var labeledTupleD: (de: Int, df: (Int) -> Void) = (de: 0, df: { (num: Int) -> Void in
    //de += num
    //self.de += num
    print(num)
})

labeledTupleD.de
labeledTupleD.df(1)


//
// Tuples allow pattern matching, Structs do not
//
//switch structureA {
//case (let i, let s):
//    print(i, s)
//default:
//    break
//}

switch labeledTupleD {
case (_, let closure):
    closure(123)
default:
    break
}
4
  • This seems pretty good to me. Although I still can't see how good tuples with anonymous members can be (specially indexed member, which seems to be really bad programming), I wasn't aware about the pattern matching. I'm going to take a look at this now!
    – rodrigogq
    Commented Dec 9, 2014 at 19:30
  • It seems like something that will be defined over the course of the next few years as best practices emerge. For now, I view them as useful for returning multiple values easily in a few small places without defining a struct that's only used once. If I find myself using an anonymous tuple in multiple places, I formalize it as a struct.
    – Ralfonso
    Commented Dec 9, 2014 at 19:48
  • 1
    The biggest problems with tuples that I'm having is that you can't define a single value named tuple. Sounds silly, but there are cases when it might be useful, mostly for consistency sake. Commented Jan 11, 2016 at 6:17
  • What does this mean: "Both can be constructed inline"?
    – Julian A.
    Commented Mar 23, 2017 at 4:53
7

I'm not sure the official terminology around tuples however, you declare them as if they were a special kind of type:

let A : (Int, String)

Maybe we could say that A is now a variable of type tuple? However, not all tuples are the same. If you declare variable of type tuple and try to assign it a tuple with parameters that differ in count, sequence, or type you'll get a compiler error. This will fail

let A : (Int, String) = ("Bob", 1234, 4.0) 

Though this works fine:

let A : (Int, String) = (1234, "Bob")

Of course this strong type safety is also enforced with structs.

As far as the advantages, here are some thoughts on the differences I'm aware of.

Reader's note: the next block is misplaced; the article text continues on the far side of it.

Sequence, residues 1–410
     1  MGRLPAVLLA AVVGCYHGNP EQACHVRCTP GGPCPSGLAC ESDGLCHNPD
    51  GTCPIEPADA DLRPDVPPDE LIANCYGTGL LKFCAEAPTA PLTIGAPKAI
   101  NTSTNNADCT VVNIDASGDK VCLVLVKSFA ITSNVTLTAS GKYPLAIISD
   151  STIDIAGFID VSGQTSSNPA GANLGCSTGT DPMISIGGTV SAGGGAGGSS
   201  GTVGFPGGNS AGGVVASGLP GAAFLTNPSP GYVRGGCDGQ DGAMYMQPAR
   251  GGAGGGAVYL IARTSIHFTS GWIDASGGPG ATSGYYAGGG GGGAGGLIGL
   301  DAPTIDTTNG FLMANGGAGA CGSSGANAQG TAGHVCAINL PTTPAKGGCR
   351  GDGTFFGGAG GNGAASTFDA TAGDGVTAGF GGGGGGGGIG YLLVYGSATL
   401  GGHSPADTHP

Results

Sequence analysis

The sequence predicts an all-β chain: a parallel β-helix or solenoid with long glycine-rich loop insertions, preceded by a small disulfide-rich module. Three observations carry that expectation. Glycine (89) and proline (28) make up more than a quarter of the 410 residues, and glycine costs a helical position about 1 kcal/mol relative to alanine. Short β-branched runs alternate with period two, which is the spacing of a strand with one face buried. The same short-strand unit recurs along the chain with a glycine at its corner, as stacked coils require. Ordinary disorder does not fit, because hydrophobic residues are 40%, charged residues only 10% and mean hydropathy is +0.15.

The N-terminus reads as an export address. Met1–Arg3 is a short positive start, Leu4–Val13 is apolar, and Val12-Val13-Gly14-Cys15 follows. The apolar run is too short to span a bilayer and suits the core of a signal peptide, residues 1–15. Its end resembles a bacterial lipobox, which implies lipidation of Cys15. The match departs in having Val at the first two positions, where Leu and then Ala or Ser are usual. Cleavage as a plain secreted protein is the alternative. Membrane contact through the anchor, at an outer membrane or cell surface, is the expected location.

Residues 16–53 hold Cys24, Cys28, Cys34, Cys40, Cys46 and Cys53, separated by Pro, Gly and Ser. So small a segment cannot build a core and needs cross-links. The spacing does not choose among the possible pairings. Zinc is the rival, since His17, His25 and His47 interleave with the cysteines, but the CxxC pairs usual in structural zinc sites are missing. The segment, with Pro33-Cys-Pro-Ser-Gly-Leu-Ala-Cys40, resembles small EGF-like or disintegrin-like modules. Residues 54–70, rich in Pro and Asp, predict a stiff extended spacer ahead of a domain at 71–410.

Structures require that you define them before using them. Tuples, on the other hand, let you return an arbitrary list of values. How is this useful? I have an iPad app with a shopping cart view controller in it. There is a summary view in the cart view that displays a current status of what's in the cart at any given time--sometimes just normal items, but RMA items and items on re-order are also potentially in the cart. I have a method on my shopping cart class that returns a tuple containing cart count, RMA count, re-order count, and total count. I don't have to declare a structure to get back all four values. It's very convenient:

class Cart : NSManagedObject {
    ...
    var totals : (cartCount:Int, rmaCount:Int, reorderedCount:Int, totalCount:Int) {
        let cart = ...    // Calculate cart count
        let rma = ...     // Calculate rma count
        let reorder = ... // Calculate reorder count
        let total = cart + rma + reorder // Add them all up

        return (cart, rma, reorder, total)
    }
}

In my cart view:

let cartValues = cart.totals
self.summaryView.cartCountLabel.text = "\(cartValues.cartCount)"       
self.summaryView.rmaCountLabel.text = "\(cartValues.rmaCount)"    
self.summaryView.reorderCountLabel.text = "\(cartValues.reorderedCount)"    
self.summaryView.totalCountLabel.text = "\(cartValues.totalCount)"

There may be other reasons, but convenience is the most compelling one for me to prefer tuples in this scenario.

1
  • It seems to be very convenient. Although it can also produce some errors if we don't use tuples with named members as long as we keep upgrading the software. If we guarantee everyone is naming it then, it should be ok. I really appreciate your answer!
    – rodrigogq
    Commented Dec 9, 2014 at 19:25